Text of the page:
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In Europa Universalis IV, it is possible for electors in the Holy Roman Empire to support the election of someone outside of the Holy Roman Empire as the emperor.

I recognize that this is a game with multiple ahistoric elements among its historicity (which is part of the appeal), but was curious if there is any historical incidents that reflect this mechanic.

Did a prince-elector ever support a person who did not belong to the empire at the time of the election to be King of the Romans?

  • Comments are not for extended discussion; this conversation has been moved to chat. Please also show respect and courtesy to one another. – Mark C. Wallace Nov 3 at 1:32
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    What's the time frame? – John Dee Nov 4 at 1:33
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    I point out that the Holy Roman Empire claimed to be the rightful government of everywhere and thus according to that claim nobody could possibly be from outside the HRE. In any case the borders of the HRE could be s considered somewhat vague as different places could be considered to be inside the empire to greater or lesser degrees. In about 1257 the 7 electoral votes went to either Richard of Cornwall or Alfonso X of Castile, etc., both usually considered to be from outside the HRE. In that case of all 7 votes were cast for persons usually considered to have been from outside the HRE. – MAGolding Nov 4 at 4:37
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The election of 1519 is the best example, as it was disputed between King Francis I of France and Charles, King of Spain and Archduke of Austria.

By "dispute" we mean "who has deeper bribing pockets", although Charles had one vote guaranteed by family ties. (yes, the same Charles who inherited Spain; Burgundy; Austria, Low Countries and other Hapsburg lands, Milan, and etc. and become Emperor Charles V). It also appears that some famous banker families got very busy and happy with all this royal spending.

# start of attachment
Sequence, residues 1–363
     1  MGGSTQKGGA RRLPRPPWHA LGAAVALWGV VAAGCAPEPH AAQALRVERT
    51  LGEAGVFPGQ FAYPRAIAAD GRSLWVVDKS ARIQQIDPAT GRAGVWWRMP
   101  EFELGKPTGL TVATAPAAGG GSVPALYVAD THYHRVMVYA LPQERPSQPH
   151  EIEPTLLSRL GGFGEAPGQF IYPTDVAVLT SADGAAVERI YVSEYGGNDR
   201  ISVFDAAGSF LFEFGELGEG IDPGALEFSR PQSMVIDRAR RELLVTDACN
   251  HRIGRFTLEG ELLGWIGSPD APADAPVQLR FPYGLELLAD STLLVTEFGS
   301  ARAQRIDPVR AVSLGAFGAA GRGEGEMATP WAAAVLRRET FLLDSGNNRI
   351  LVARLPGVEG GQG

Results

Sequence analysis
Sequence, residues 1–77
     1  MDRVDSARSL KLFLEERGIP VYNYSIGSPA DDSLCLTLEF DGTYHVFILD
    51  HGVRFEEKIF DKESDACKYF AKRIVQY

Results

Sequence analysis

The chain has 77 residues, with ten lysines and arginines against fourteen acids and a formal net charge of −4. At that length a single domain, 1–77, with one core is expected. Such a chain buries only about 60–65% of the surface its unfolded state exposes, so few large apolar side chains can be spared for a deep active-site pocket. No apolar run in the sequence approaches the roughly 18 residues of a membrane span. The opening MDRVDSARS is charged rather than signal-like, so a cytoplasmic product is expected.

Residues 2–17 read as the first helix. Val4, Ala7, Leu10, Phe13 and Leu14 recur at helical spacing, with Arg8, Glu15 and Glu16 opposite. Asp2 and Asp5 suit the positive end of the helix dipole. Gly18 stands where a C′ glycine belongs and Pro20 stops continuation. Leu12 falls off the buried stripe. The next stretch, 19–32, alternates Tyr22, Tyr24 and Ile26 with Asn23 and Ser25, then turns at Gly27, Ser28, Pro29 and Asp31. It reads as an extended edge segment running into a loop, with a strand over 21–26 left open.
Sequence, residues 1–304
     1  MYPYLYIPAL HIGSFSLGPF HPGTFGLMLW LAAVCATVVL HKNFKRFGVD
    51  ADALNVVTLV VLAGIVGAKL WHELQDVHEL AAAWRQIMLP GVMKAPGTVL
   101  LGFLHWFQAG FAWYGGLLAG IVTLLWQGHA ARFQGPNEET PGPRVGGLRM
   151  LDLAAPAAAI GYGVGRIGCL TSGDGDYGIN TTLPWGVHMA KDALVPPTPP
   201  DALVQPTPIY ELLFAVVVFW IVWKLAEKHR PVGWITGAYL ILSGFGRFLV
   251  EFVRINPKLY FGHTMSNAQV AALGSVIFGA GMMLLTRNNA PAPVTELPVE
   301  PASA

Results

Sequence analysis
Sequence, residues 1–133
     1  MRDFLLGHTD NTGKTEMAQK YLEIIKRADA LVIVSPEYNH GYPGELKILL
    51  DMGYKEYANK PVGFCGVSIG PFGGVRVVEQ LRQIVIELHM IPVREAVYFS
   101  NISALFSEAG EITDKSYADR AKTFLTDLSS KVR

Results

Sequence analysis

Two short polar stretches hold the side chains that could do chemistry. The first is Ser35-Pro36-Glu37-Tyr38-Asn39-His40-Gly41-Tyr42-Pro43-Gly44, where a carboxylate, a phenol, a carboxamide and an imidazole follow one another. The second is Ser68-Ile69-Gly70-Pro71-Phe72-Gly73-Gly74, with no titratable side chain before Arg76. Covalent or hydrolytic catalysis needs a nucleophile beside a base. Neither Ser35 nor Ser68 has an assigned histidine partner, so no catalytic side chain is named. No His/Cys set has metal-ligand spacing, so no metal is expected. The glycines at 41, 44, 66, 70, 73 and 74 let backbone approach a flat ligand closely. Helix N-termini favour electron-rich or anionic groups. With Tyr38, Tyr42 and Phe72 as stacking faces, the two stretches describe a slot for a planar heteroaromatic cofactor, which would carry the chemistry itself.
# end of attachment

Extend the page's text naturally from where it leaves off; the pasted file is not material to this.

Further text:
Just imagine if Francis were Emperor. No more HRE+Spain vs France wars? No France-Turk alliance? What if he managed to keep HRE and France united in the next generations? But this is alternate history.

Also, Alfonso X of Castile disputed an election to King of Romans with Richard of Cornwall - both coming from outside the empire in the XIII c. Neither of them was crowned Emperor. Their history is complicated and I have never understood it fully - it looks like the electors wanted money. Some Iberian sources call him Emperor Alfonso X, although it looks like to be wishful thinking.

Not sure if you want to count Sigismund, as his family is obviously from the Empire, and he ruled Brandenburg for some time, but when he was elected he was primarily King of Hungary - outside the empire, as his succession to Bohemia was disputed. If you like computer games, the dispute Sigismund-Wenceslaus-Jobst is featured in the Kingdom Come Deliverance game.

I think EU4 got it right: in the game it is possible but much harder to elect a candidate from outside the empire.

  • This answer could be improved by adding an introduction as to who Francis was, and whether he was the candidate from "outside the Empire" the OP asked about. – Spencer Nov 6 at 15:12
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    "It also appears that some famous banker families got very busy and happy with all this royal spending." Not just that, the Fugger family ended up with an imperial silver mine concession. :D – Denis de Bernardy Nov 7 at 7:24

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